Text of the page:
Looking back, Lubaina Himid has balanced an impressive practice as an artist while also being an exhibitor and curator of critically acclaimed group shows. It is a rich exchange that she has with her world of art. The oldest artist on the shortlist at 62, she makes paintings, prints, drawings and installations. Her art might unspool the events in history, culture, development wherein the contribution by people of colour has been woven out and demand its re-integration but it is masked with wit and satire and served with ingenuity.
Her paternal roots are in Zanzibar from where she shifted to Blackpool due to the untimely death of her father. Her English mother, a textile designer, shifted to London soon thereafter. Growing up, she has spoken, in interviews, of being asked about her identity and colour. Where did she belong? Questions that shaped her artistic viewpoints as she embraced the world of art.
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Himid started her career with theatre design before becoming an artist. She infused the mechanics of drama and storytelling that theatre choreographs so brilliantly, into her exhibitions. She has often reiterated in her interviews that her work is about having conversations with other people. It unravels a story that actively engages with the viewer. In Naming The Money, the artist is referencing European art which depicts scenes of aristocracy where the black slave is seen quietly playing their part on the fringes. This installation became her assemblage of all those silenced characters. A striking installation of larger-than-life-sized Black characters, propped-up – each named, each with a backstory, each ready to participate with you as you walk in their midst. It is art that is well orchestrated, upholding its nuanced integrities as each character adds their voices to that history. Here, the artist appropriates and interrogates European painters and combines aspects of her African heritage to question the role of visual power.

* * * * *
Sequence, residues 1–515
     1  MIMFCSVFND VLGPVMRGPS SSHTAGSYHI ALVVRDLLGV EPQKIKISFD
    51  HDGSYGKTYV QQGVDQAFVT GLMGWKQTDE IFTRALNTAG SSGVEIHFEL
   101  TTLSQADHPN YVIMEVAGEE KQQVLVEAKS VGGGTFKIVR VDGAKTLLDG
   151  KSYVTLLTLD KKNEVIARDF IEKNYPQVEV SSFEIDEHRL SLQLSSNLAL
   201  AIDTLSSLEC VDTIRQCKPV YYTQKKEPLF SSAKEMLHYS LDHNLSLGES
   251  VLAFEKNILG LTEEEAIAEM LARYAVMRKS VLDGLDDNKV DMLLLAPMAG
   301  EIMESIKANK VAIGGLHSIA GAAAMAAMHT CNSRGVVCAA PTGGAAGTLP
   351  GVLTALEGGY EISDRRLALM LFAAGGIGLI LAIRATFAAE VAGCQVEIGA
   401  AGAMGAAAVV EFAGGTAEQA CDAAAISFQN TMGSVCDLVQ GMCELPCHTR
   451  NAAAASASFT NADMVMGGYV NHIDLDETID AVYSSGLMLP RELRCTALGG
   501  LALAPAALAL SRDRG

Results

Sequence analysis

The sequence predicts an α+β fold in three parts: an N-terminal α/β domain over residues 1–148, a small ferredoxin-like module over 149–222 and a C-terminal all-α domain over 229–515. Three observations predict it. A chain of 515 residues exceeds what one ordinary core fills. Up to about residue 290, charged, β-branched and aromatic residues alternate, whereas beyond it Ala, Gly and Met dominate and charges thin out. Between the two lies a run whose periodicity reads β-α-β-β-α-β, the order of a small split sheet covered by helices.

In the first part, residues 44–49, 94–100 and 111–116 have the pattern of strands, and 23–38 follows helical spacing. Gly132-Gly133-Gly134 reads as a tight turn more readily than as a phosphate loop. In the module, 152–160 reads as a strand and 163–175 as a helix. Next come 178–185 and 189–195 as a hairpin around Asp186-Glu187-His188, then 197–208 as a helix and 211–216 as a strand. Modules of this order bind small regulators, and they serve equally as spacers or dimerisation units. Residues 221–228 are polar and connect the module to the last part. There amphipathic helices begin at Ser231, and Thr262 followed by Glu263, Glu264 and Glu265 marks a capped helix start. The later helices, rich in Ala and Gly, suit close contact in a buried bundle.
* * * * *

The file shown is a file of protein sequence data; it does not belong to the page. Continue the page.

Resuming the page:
In Himid’s Swallow Hard: The Lancaster Dinner Service, as the communication reads, “It is an intervention, a mapping and an excavation”. She bought patterned plates, jugs and tureens and experimented by painting over them. It remembers slave servants, sugary food, mahogany furniture, greedy families, tobacco and cotton fabrics, but then mixes them with British wildflowers, elegant architecture and African patterns. In her other work, Negative Positives / Guardian Paperworks she takes the Guardian newspaper featuring black people. She colour blocks areas with African patterns, curating the space around the black person’s image to examine the portrayal of Black lives in newspapers. It is news re-imagined and styled to place the spotlight on the Black person on the paper, forcing us to better understand the institutionalised narrative approach to Black people and their stories in media. Her art forces you to discuss and acknowledge that contribution, to add its rightful imprint to history. Her art is trying to make the narrative whole, make the narrative of history harmonious by acknowledging the diversity that lived it. From exhibiting under-represented black artists, especially the black women artists, to creating discussions on important issues through her intensely evolving practice, Himid is a leading figure in the British Black Art Movement.